HIS ROYAL HIGHNESS PRINCE HARRY
Harry Duke of Sussex
Prince Harry has attracted yet more controversy with his decision to wear a Nazi costume at a fancy dress party.
He has apologised for the offence caused by the outfit, described as being in "bad taste" by a Jewish group. The furore is the latest in a series of upsets involving the prince, who has been trying to improve his image.
The upsets include an apparent admission he smoked cannabis at 16 and claims he lashed out at a photographer outside a London nightclub. But he has also taken part in numerous charitable projects, most recently volunteering, with his brother William, in a warehouse preparing aid for victims of the Asia tsunami. The prince has lived his 20 years under the spotlight of the world's media, which began with the first official photographs alongside his mother Princess Diana.
Harry and William helped out with the Asian tsunami effort
There was still much public sympathy for the prince, who lost his mother aged just 12 in 1997, said the BBC's royal correspondent June Kelly, speaking after his involvement in a nightclub scuffle with a photographer last October. But the incident had "upped the ante in what is clearly a fraught relationship between the Prince and the paparazzi," she said. As Princess Diana died in a road crash after being pursued by the paparazzi through the streets of Paris, it is not surprising the young prince does not have an easy relationship with "the pack".
At the time Clarence House said the scuffle had overshadowed the positive publicity the prince received last year for his charitable works during his gap year. A television documentary was made about the time he spent on aid projects in Lesotho, Southern Africa, when he helped to build a new health clinic and road, and dug fields for crops.
Prince Harry also spent time with people with HIV, Aids and TB in the country. This was in part, an effort to build on charity work carried out by his mother. In an interview to mark his 18th birthday, Prince Harry had spoken of wanting to "finish" his mother's work, and how she had got involved with things other people had not, such as Aids.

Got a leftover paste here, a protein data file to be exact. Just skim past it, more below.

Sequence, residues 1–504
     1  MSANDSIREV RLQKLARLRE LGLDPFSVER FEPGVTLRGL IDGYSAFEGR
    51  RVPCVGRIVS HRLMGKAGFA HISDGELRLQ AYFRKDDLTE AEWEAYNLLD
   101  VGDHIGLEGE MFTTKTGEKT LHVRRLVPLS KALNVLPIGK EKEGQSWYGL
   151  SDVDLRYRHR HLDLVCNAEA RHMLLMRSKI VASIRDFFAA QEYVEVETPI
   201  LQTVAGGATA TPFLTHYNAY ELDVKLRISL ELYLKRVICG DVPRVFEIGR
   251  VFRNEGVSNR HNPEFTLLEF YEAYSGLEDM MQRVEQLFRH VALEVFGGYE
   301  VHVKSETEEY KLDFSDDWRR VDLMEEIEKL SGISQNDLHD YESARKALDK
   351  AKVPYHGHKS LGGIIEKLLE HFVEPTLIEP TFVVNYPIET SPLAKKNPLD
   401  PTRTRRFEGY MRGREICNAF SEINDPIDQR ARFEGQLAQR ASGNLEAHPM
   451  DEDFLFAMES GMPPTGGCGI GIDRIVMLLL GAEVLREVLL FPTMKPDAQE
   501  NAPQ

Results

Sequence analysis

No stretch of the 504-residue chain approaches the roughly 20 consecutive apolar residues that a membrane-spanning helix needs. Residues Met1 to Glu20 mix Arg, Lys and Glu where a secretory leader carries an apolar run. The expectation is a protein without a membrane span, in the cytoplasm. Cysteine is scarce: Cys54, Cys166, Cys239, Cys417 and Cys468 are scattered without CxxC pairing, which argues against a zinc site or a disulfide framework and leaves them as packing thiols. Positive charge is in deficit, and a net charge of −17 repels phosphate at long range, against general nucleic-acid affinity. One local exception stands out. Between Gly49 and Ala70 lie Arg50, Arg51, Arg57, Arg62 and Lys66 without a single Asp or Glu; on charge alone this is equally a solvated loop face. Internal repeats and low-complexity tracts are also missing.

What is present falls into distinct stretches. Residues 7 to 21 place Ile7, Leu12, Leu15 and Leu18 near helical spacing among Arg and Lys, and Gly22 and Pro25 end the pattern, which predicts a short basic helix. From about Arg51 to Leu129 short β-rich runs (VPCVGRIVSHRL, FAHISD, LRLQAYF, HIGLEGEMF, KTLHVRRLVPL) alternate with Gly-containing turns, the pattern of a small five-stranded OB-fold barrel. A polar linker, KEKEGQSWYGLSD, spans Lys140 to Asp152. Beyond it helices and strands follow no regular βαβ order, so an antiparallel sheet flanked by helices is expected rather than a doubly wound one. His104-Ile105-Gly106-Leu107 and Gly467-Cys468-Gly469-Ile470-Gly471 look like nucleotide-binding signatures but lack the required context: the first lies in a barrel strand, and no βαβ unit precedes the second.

His first solo official engagements involved meeting drug addicts and sick and homeless children in London. Recently he volunteered as a rugby coach for school children.
But for how long can such activities successfully counter the press stories painting him as a playboy prince? In recent times he has been the subject of headlines for stories less popular at Buckingham Palace. A former teacher at Eton College claimed in October 2004 at an industrial tribunal that she had helped complete part of the prince's coursework.
The prince in Lesotho, southern Africa
The claim was dismissed by royal officials as unfounded, and the exam board said there were no grounds for it to reopen an investigation into the matter. The Prince left Eton last year with a grade B in his art A-level and a D in geography. He had dropped his third A-level subject, history of art, after taking the AS-level exam.
At 17, the Prince of Wales sent him to meet recovering addicts at a drug rehabilitation centre, after Prince Harry apparently admitted under-age drinking and smoking cannabis near Highgrove.
At the start of his gap year, he worked on a sheep farm in Australia and followed the rugby World Cup.
During this time, his officials complained about the intrusion of the Australian media into his life, suggesting he might leave the country if the situation did not improve. Prince Harry is due to take up a place at the elite military training college, Sandhurst, this year following a long family tradition.
His father, the Prince of Wales, trained to be a pilot with the RAF. He also served in the Navy, as did the Duke of Edinburgh. Inevitably, the next chapter of Prince Harry's life will also attract strong interest from the world's media.
Last year, the prince faced claims that he had hit a paparazzi photographer at a London nightclub, cutting his lip. The Crown Prosecution Service considered cautioning Prince Harry, but decided it would not be in the public interest and no action was taken.
In 2002, Prince Charles ordered his son to attend a drug rehabilitation clinic, after Prince Harry admitted smoking cannabis and taking part in heavy under-age drinking sessions.
THE MONARCHY RESTORED
St Edward's Crown, 1661
For over 600 years kings and queens of England have stored crowns, robes and other valuable items of ceremonial regalia at the Tower of London. Since the 17th century, at least, this collection has been known as the 'Crown Jewels' and has been shown to visitors to the Tower.
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